This excellent documentary made me realize a few things about the brilliant, crazy Apollo program to send astronauts to the moon and back using the crude technology of the time (1969-1972):

  • Those missions were something that united us as a nation. As I recall, nobody worried much about whether the Democrats or Republicans would get the credit. I wish we had something nonpartisan like that to unite us today.
  • The technology just wasn’t ready. We did it all backwards. We should have done a lot of orbital work, followed by a shuttle program and space station. Then we could have gone more safely to the moon. But we didn’t do it that way. President Kennedy put out the challenge, before we had even  achieved earth orbit with an astronaut, to get to the moon and back before the end of the decade. And we did it!
  • Humans are like that. Have you seen the reproductions of the original ships that went to Jamestown, Virginia? They went all the way across the Atlantic in ships that size. It would have been a lot safer to wait for the technology to mature. But we didn’t do it that way.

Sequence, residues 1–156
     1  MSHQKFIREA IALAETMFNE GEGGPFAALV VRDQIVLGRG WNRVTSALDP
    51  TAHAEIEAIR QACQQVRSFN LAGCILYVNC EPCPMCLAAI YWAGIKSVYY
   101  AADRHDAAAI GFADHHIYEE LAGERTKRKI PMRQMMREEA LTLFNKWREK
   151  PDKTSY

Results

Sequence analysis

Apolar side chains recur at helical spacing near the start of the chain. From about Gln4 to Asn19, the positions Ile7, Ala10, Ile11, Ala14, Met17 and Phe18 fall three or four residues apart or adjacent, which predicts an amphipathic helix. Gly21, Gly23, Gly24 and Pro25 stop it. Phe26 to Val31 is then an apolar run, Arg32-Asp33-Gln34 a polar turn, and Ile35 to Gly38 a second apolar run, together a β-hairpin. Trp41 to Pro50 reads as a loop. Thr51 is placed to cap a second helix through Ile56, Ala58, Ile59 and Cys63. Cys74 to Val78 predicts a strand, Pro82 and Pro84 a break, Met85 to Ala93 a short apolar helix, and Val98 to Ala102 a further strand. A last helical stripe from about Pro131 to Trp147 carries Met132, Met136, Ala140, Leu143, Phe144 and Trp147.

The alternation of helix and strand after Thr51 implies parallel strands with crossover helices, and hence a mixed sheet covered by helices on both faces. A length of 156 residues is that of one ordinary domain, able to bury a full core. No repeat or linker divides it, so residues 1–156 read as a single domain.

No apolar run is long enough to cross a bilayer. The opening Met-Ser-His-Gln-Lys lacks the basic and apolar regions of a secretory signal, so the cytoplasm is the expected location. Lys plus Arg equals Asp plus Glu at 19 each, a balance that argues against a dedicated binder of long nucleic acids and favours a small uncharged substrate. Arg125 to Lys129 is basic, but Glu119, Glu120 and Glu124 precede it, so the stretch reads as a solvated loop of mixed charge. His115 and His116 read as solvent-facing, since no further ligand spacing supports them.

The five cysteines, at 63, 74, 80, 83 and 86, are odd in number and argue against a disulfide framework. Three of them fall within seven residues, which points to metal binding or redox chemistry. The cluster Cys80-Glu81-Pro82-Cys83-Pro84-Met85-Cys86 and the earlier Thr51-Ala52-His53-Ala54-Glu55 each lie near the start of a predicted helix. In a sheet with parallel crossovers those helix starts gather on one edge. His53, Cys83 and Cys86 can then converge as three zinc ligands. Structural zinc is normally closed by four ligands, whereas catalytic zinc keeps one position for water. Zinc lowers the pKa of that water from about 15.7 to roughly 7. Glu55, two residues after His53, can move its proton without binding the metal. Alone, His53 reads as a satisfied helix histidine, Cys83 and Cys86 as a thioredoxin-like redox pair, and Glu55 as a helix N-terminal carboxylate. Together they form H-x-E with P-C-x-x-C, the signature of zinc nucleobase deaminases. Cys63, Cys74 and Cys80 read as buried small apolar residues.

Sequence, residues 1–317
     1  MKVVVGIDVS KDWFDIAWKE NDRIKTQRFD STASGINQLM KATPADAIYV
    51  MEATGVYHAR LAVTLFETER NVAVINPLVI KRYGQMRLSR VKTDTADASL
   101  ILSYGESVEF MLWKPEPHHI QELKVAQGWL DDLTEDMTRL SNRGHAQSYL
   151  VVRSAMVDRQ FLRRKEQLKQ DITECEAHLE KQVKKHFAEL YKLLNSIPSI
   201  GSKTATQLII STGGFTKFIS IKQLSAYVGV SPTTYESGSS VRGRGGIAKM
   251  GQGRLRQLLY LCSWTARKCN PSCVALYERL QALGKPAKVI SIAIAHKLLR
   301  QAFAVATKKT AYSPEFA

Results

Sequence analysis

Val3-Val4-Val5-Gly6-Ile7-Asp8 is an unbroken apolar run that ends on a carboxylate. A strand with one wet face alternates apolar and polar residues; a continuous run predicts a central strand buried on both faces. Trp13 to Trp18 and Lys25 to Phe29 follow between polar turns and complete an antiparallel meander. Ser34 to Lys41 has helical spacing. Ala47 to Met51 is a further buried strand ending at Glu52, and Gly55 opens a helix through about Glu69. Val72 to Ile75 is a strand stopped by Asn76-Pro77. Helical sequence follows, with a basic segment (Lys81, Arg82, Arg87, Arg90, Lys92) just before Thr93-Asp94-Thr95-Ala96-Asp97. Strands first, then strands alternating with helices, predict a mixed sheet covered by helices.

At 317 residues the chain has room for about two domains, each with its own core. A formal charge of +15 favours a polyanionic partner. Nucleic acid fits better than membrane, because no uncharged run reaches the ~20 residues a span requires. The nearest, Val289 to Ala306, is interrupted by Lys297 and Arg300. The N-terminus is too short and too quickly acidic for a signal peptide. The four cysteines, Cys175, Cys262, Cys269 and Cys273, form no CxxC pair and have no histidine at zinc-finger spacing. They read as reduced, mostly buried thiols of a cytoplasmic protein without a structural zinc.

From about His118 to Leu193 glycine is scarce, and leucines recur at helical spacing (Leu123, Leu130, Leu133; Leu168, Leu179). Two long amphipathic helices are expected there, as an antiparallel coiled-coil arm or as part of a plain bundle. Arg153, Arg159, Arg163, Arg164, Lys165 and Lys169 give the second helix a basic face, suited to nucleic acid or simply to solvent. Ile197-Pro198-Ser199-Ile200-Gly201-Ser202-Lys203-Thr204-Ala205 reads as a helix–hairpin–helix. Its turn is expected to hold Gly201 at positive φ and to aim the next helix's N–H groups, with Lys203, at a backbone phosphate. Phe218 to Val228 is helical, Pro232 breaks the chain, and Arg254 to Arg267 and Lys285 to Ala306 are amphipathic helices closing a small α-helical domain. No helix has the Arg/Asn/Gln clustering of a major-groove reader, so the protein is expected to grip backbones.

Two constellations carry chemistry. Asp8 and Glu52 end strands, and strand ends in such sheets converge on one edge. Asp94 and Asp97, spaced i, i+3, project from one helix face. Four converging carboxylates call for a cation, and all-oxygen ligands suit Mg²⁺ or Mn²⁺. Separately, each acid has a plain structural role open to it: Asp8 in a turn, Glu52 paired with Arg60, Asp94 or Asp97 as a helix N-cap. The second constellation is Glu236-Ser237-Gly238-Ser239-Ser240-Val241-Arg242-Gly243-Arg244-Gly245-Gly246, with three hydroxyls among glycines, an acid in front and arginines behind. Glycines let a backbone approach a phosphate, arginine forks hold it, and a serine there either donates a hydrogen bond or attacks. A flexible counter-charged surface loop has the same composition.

• Apollo 11 was the most famous of the flights, since it was the first lunar landing. But Apollo 13, recovering from a failure that could easily have resulted in a total loss of crew, may well have been the biggest achievement of the program.
  • It 1969 when the first Apollo lunar landing took place. The last one was in 1972. If you had told me then, “Forty years from now we’ll all carry phones with more computing power than the Apollo moon ship but we won’t have gone back to the moon and won’t even be planning to,” I would have said you were crazy. I would have expected a moon base and expeditions to Mars by now.

So — what will get us back in space, big time, and back to the moon? The same thing that got us to Jamestown — the profit motive. But that’s a story for another day. Ad astra.


Apollo moon shots: brilliant, crazy